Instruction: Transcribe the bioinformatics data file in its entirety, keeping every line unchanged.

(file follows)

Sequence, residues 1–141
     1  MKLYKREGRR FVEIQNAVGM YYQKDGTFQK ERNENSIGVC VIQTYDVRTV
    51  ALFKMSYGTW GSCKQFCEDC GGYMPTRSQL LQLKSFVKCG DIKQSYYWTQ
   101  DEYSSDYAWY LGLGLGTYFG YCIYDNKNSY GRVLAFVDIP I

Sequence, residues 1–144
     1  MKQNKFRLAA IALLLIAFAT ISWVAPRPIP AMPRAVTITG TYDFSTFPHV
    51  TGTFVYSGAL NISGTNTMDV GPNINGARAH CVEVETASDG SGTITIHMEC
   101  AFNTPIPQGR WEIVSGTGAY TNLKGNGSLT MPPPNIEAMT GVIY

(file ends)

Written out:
Sequence, residues 1–141
     1  MKLYKREGRR FVEIQNAVGM YYQKDGTFQK ERNENSIGVC VIQTYDVRTV
    51  ALFKMSYGTW GSCKQFCEDC GGYMPTRSQL LQLKSFVKCG DIKQSYYWTQ
   101  DEYSSDYAWY LGLGLGTYFG YCIYDNKNSY GRVLAFVDIP I

Sequence, residues 1–144
     1  MKQNKFRLAA IALLLIAFAT ISWVAPRPIP AMPRAVTITG TYDFSTFPHV
    51  TGTFVYSGAL NISGTNTMDV GPNINGARAH CVEVETASDG SGTITIHMEC
   101  AFNTPIPQGR WEIVSGTGAY TNLKGNGSLT MPPPNIEAMT GVIY